In fact, net exports have been the main contributor to real GDP growth over the past few years. A slowdown of growth in the economies of key trade partners could make it difficult for Portugal to contain the magnitude of the recession next year, implying significant downside risks to its public finances.
Portugal 10-Year Government Bond Yield
Italy 10-Year Government Bond Yield
Greece 1-Year Government Bond Yield
The bond market does not think anything has been fixed in Europe and neither do I.
More Sovereign Credit Rating Downgrades – When It Rains It Pours
Pater Tenebraum has plenty of comments on Spain and Portugal in The ECB’s ‘QE Lite’ and New Downgrades of Euro Area Sovereigns and Banks
Late on Friday, Fitch piled on more pressure, by further downgrading Spain and Italy. Spain was taken down two notches to AA minus, while Italy was downgraded by one notch to A plus. In its downgrade of Spain, Fitch specifically mentioned the financial troubles of Spain’s regions, which are responsible for a large portion of government spending.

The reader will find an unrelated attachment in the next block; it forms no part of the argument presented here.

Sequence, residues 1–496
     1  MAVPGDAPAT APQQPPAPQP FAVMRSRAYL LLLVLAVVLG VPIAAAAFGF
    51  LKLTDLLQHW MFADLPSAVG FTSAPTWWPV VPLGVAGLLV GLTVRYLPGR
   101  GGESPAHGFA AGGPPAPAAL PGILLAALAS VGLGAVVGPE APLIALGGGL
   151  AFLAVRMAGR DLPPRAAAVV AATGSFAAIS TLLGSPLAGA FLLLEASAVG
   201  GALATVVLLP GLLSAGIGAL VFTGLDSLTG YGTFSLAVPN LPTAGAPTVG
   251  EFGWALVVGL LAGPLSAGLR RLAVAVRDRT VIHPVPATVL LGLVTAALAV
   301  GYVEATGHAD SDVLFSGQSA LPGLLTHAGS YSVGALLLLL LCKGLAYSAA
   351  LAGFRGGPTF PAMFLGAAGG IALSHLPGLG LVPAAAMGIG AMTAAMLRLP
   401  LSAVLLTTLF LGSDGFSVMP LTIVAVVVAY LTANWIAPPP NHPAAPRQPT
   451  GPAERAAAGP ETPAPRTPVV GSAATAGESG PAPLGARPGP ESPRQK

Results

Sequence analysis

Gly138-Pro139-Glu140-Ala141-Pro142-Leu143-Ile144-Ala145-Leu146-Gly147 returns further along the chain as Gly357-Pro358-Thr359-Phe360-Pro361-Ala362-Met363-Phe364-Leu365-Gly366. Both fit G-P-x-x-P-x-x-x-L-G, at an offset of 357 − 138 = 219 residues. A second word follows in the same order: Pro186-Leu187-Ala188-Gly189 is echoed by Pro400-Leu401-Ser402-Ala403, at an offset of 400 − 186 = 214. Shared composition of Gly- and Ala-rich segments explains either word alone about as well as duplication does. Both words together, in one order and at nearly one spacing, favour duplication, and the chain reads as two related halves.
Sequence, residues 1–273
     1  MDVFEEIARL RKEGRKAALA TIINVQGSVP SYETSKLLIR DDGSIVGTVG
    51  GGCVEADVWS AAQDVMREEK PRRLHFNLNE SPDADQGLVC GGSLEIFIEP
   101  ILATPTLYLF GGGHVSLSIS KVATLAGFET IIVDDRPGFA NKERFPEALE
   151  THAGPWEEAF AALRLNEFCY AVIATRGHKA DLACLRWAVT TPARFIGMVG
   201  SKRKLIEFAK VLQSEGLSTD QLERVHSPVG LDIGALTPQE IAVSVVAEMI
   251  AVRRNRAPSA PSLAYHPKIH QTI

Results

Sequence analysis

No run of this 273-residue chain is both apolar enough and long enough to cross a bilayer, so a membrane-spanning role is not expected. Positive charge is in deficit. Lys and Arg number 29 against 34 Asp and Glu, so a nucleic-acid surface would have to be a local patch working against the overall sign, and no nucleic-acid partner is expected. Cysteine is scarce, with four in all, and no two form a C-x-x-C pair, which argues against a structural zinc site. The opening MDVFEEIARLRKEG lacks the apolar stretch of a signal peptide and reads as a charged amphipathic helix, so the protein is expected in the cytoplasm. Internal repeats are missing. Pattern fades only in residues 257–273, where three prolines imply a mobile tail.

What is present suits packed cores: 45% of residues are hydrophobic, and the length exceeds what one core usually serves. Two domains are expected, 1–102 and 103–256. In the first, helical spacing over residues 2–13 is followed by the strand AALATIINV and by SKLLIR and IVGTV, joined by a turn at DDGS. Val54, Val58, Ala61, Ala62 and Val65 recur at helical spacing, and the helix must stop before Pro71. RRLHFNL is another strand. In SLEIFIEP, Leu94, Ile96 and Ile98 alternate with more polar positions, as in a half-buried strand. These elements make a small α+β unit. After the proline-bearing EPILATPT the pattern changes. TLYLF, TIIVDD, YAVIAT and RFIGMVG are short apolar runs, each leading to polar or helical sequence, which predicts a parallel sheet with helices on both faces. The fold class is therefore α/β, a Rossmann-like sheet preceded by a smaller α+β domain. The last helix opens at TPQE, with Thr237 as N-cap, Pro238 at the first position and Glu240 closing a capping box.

With this, Fitch has basically cut through the veil of creative accounting used by Spain’s central government, which propped up its own budget deficit by simply cutting payments to the regions by 16%. In essence, this means that the hole in the budget has been moved from the center to the regions, but it has not gone away.
In addition to the rating action by Fitch, Moody’s downgraded nine Portuguese banks, citing specifically their holdings of Portuguese government debt. It also downgraded a number of UK banks, due to rule changes that allegedly make government support for these banks less likely in the future (in our opinion that’s wishful thinking). Moody’s also intimated it may soon lower Belgium’s credit rating due to the Dexia collapse, which has morphed into a full-scale bailout, namely the failed bank’s nationalization over the weekend.